Become A Good Online Marketer In 5 Really Hard Steps
While reading Reddit I came across a great story on how to become a good programmer in 6 really hard steps. It was written in response to another story which promised “easier ways to make your code amazing.”
I love this line of thinking because it is also true in something as complex as online marketing. Anyone telling you “it’s going to be easy” or offers “simple ways to get online marketing results” is kidding themselves. Experienced online marketers know there are no shortcuts to building long term web visibility.
So taking inspiration from the programmer story, here is how to become a good online marketer in 5 really hard steps:
Step 1: commit for the long haul or don’t bother
You can’t dabble in internet marketing. It’s too nuanced, there are too many details to understand and you’re not going to instantly be fluent in it all. From web analytics, to SEO, to social media, to email marketing, to PPC there are a lot of tactics to learn.
Further, the web is constantly evolving: both from a technology and user preference stand point. You can’t really be a good online marketer by only understanding the basics and yesterday’s tactics, you need to live at the edge.
Accept that, like programming, this isn’t a 10 year process: this is a lifetime journey. You need to do this because you want to.
Step 2: create and market lots of websites, brands, blogs, communities and apps
If you’re at an agency where you’re working on a variety of projects you’re getting experience here. This is also doable client-side as you should have no shortage of digital assets to market, content to create and communities to build.
But you need to go beyond this even if you’re doing it professionally if you want to be a really good online marketer. You need to go through the process start to finish on your own projects. Not just marketing something finished, but create your own brand from the ground up. The web makes this possible for any of us. Eric Friedman calls these sandbox projects and the experience you gain building one is not possible to obtain elsewhere. It’s a distinct advantage and yet it is shocking how few actually go through with it.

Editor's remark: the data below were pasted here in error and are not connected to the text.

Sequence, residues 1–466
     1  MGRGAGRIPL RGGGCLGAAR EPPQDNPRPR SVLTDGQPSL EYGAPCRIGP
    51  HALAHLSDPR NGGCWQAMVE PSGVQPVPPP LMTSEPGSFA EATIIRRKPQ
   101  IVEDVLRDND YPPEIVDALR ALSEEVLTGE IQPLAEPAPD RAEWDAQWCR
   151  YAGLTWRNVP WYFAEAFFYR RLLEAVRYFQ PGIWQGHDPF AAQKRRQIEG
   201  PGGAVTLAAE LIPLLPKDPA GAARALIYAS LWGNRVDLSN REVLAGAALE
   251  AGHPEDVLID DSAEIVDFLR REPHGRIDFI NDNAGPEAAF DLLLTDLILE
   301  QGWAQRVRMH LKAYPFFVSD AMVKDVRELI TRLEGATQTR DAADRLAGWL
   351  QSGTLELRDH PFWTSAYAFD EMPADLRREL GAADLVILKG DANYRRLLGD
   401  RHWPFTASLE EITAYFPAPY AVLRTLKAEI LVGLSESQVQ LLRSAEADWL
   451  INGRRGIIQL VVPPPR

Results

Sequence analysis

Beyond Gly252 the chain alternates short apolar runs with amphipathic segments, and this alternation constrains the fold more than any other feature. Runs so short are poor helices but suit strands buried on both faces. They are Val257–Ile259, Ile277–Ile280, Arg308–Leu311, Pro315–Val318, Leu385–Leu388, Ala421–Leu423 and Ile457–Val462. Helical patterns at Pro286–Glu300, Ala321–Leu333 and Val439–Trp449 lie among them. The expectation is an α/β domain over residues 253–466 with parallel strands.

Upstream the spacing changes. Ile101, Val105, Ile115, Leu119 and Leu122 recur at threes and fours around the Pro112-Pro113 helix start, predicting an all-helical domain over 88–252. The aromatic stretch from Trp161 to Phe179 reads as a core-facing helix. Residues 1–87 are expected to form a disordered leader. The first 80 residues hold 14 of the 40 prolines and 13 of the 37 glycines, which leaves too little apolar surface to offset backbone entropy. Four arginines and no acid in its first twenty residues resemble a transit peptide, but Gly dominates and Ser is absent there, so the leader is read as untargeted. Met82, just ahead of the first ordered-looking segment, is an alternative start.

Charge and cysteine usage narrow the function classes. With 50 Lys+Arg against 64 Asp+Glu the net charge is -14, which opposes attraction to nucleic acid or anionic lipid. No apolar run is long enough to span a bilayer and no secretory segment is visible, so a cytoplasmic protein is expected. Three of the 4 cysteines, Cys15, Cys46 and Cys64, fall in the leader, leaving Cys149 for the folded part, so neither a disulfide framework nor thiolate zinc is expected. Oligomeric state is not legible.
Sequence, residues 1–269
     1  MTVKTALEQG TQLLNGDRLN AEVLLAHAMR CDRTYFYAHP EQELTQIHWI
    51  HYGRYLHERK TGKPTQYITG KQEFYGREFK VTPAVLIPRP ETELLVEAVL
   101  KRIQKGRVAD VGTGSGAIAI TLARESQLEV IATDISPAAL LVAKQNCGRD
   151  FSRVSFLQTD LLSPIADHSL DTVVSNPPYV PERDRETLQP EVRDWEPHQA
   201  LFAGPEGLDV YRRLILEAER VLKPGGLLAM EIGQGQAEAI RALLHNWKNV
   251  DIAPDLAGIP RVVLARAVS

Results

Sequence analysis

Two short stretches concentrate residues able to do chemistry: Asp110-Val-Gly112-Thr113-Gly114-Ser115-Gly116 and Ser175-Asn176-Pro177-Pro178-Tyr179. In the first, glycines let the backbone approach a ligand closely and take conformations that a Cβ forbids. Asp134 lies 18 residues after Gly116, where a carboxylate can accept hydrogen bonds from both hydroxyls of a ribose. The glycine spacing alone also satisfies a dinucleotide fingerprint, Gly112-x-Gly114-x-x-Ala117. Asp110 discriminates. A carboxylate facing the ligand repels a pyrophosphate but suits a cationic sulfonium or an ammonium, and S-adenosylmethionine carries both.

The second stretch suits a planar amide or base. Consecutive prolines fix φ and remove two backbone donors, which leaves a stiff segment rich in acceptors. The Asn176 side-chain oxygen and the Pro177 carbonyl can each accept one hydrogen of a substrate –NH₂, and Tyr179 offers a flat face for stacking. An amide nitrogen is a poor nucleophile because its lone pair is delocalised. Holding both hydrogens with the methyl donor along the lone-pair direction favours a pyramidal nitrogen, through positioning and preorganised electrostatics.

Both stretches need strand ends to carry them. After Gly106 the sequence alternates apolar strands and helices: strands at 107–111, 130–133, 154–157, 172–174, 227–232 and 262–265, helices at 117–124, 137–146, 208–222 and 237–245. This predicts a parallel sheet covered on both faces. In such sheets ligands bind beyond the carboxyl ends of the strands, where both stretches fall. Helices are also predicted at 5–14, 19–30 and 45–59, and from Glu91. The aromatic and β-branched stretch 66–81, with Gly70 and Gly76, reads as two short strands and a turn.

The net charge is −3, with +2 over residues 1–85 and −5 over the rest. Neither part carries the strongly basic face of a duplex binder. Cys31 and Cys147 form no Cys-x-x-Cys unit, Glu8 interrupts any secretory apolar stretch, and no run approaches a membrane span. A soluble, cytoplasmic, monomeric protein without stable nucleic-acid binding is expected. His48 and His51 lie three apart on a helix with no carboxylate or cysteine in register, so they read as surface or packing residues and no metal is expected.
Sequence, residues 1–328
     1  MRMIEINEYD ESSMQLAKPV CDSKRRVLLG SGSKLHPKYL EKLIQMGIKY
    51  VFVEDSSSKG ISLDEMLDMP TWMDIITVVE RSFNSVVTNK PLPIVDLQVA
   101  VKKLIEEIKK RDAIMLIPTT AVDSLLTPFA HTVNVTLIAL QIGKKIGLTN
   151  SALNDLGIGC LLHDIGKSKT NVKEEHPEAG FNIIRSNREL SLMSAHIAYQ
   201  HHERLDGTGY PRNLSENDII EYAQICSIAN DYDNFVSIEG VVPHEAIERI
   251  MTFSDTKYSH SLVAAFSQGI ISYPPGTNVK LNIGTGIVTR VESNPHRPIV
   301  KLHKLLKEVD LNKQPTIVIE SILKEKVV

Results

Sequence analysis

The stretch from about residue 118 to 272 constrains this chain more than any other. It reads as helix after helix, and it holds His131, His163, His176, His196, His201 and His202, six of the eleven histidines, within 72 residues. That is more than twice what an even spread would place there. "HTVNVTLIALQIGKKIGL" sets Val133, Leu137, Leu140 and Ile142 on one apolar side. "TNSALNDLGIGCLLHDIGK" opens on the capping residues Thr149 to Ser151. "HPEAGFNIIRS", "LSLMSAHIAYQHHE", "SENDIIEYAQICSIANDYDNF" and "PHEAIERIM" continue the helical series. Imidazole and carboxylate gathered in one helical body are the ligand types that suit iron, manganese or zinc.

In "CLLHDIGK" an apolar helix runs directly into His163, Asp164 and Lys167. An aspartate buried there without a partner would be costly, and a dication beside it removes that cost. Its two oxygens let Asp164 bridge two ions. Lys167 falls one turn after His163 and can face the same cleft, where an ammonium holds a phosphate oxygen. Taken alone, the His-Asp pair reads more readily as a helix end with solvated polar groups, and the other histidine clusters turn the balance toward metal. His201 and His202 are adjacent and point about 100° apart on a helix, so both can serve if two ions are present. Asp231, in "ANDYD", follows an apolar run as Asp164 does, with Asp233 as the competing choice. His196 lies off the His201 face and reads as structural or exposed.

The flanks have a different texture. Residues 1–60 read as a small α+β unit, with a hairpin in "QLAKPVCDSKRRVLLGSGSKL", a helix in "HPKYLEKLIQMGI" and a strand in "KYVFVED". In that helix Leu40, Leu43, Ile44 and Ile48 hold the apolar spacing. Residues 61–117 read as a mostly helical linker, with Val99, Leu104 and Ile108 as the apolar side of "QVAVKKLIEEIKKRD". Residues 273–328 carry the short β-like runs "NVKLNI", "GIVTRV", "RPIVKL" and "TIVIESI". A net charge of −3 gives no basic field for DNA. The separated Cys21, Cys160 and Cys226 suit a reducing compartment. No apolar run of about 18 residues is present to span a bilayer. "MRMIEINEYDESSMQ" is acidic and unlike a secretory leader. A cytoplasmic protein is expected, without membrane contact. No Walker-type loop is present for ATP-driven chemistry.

Step 3: study how popular web brands do it
By this I don’t mean just study the competitors in your niche. Study the popular brands on the web: media, B2B start-ups, everything you can find. Learn everything from how modern brands of media touch emotions and play on sociology to create content that gets shared at scale to analyzing how companies create successful viral launch pages. Get your hands on as many case studies as possible, attend conferences, and network / hear lessons learned directly from other online marketers.
Step 4: learn multiple tactics, master a few
If, ultimately, you want to be leading marketing for an organization you need to have a broad understanding of potential tactics. Throughout the life cycle of a brand different tactics make sense at different times (and some may make sense to work on long before you’ll need it, like building a community). But the point is you need to understand all of them and when they make sense to apply.
With that said, you need to become master of a few. I recommend you become a data-driven marketer as there is no online marketing tactic you should execute without using data to make decisions and measure effectiveness. Another is learning the art of effective web content as content is the essence of all online marketing. And the web continues to trend to a place that rewards good content as SEO further continues to simply be a byproduct of organic marketing success and social sites place emphasis on content.
Step 5: learn something no one else has learned yet
I love this last tip offered to programmers in the original article linked, and I’d suggest you do the same thing as an online marketer. There’s no limit to what you can do with creativity and technology and after you’ve gone through the first four steps here the bigger picture of digital communications should come into vision. That, in essence, it’s not about technology, it’s about ideas.
Once you start to see this you’ll start to think more creatively and less about simply processes and best practices. That’s not to say you should skip developing processes and making sure basic optimization items are addressed. These things are necessary and should come first. But they’re the easy part and where you’re learning what everyone else (should) already get. Where you start to push boundaries and learn new things is when you’re already executing proficiently and have enough organic results you can be freed up to experiment.
I know the original article offered 6 steps and I only wrote 5. That was on purpose: what additional step would you recommend?
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